It took Williamsburg native Jason Haag 10 years to face the shadow of post-traumatic stress disorder that had taken over his life.
The Marine's nightmares, flashbacks, panic attacks and severe depression weren't being controlled by the more than 30 prescriptions he took every day. He'd wash the medication down with alcohol, trying to erase the fear and pain from three tours in Iraq and Afghanistan.
Since being shot and surviving an RPG missile explosion that left him deaf in one ear, Haag suffers from PTSD, a chronic mental health disorder that develops after a terrifying ordeal that involves physical harm or the threat of physical harm.
In 2012, Haag's life changed when he met a 2-year-old German shepherd named Axel from a national organization, K-9s for Warriors, the retired Marine Captain told a group of Marines and their family members Saturday during a celebration of the military branches' birthday hosted by Williamsburg Area Marines.
"Axel hit the reset button for me, and gave me the desire to stop using prescription medications," Haag said. "He saved my life."
Haag is one of more than two million veterans of the war in Iraq and Afghanistan nationwide diagnosed with PTSD, according to the Department of Veterans Affairs.
Thousands of others may have the disorder, but like Haag, did not immediately seek treatment because of the stigma surrounding PTSD, branding suffers as "weak," and fears that asking for help may end their military careers.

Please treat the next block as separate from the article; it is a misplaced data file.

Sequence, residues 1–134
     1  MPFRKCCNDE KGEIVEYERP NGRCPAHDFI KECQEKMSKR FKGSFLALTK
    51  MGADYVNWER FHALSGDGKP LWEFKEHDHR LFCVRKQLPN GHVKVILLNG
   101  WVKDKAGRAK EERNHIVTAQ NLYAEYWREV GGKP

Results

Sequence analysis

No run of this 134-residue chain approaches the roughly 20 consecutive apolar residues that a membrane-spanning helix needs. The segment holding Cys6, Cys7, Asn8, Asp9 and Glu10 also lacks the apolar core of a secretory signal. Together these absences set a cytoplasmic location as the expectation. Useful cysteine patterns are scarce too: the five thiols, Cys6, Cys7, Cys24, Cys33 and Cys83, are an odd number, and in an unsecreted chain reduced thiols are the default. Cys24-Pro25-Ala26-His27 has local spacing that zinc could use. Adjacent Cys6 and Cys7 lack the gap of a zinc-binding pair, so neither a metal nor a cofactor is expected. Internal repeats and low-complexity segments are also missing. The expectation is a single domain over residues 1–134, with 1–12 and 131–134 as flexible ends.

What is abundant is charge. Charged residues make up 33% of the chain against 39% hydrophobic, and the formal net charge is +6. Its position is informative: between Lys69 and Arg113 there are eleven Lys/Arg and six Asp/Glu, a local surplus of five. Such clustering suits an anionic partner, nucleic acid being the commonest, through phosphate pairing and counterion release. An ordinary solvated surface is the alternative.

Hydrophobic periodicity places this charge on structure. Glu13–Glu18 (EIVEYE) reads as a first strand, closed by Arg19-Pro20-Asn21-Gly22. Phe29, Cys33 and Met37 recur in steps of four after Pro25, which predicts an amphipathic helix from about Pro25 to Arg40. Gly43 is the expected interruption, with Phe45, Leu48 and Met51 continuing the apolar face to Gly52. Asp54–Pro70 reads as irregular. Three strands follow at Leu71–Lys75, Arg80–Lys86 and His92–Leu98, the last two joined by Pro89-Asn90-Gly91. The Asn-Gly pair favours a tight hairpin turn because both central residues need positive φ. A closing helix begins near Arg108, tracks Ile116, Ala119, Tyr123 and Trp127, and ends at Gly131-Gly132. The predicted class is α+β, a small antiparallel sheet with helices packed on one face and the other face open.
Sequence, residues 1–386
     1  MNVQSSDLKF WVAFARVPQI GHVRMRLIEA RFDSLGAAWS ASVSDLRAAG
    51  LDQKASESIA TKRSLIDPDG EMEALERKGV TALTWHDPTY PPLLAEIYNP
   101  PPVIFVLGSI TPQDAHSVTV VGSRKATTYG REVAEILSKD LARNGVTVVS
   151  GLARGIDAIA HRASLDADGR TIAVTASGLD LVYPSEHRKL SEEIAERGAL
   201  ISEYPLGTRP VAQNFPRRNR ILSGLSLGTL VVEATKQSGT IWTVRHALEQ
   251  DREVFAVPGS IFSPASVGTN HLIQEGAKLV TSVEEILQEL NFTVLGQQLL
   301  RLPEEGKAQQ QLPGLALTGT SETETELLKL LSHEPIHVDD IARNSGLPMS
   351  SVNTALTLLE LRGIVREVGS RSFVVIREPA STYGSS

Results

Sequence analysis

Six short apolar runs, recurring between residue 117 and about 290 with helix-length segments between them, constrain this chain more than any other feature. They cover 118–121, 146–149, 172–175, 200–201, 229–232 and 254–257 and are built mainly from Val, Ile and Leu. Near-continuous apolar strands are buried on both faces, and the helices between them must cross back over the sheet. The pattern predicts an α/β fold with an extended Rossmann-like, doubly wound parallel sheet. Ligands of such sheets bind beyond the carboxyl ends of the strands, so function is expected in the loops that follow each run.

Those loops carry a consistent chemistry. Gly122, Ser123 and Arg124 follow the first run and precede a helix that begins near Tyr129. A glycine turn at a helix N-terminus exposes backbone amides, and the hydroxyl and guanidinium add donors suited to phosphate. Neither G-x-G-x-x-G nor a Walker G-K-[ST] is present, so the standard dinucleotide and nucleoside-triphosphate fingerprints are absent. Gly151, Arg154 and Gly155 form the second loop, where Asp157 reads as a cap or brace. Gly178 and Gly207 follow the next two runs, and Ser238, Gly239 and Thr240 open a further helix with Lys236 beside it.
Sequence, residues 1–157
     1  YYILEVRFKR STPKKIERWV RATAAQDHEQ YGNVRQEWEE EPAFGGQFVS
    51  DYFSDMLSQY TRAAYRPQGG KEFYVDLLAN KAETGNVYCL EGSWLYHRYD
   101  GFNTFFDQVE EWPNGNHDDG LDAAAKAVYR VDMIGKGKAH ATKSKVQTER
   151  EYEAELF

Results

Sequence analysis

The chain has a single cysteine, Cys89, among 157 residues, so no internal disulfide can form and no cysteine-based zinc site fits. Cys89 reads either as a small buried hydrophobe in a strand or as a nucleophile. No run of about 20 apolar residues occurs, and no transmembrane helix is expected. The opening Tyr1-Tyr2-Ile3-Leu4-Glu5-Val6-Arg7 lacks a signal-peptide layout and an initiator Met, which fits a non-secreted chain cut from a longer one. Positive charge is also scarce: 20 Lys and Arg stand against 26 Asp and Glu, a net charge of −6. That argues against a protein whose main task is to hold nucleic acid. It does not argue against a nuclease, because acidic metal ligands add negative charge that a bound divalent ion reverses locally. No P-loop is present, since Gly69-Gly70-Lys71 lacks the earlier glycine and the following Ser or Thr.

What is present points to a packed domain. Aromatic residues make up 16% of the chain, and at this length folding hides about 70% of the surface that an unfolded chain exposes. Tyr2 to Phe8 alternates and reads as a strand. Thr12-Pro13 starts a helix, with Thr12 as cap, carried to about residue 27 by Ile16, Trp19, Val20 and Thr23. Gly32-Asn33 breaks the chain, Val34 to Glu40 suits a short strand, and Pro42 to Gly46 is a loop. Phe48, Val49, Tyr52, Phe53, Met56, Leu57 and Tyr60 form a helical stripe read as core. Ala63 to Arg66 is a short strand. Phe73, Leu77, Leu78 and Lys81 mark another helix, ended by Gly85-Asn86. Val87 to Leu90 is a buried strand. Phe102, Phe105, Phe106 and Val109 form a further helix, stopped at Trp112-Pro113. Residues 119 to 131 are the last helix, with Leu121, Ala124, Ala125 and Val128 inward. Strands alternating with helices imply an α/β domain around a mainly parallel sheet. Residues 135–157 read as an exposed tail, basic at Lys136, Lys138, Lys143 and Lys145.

Haag told the retired Marines group that his service dog helped him face the horrors he'd seen, and deal with them. "I'm sure I don't have to tell you guys what that's like," Haag said, as some of the gathered Marines, many combat veterans, nodded in agreement.
After training with Axel and bringing him home, Haag said his life began to change. Instead of shying away from time with his wife and high-school sweetheart, Elizabeth, and their three children, he slowly started to rejoin them.
He also began working with K-9s for Warriors, helping them raise PTSD awareness and bring healing service animals to veterans of post-Sept. 11 wars.
Saturday's dinner also featured a visual reminder of U.S. Marines who didn't make it home with the Missing Marine table, a ceremonial place setting. Many of the Marines at the party stopped by the table for a few seconds to pay their respects.
Williamsburg Area Marines also recognized the groups youngest Marine, a 20-year-old in the honor guard who presented arms and flags to begin the celebration, and the oldest — two retired Marines in their 90s — 91 and 94, respectively.
U.S. Marines reservist Joseph Bornschien brought his high school-aged son, Will, to the annual birthday party. Bornschien had been to several celebrations, but Saturday was Will's first.
The teen said he was impressed by the retired Marines, and by Haag, who he said was brave to share his story and struggles.
Will Bornschien plans a military career, like his father, but in the U.S. Air Force, the Jamestown High School freshman said.
Reach Canty at (757) 345-2341.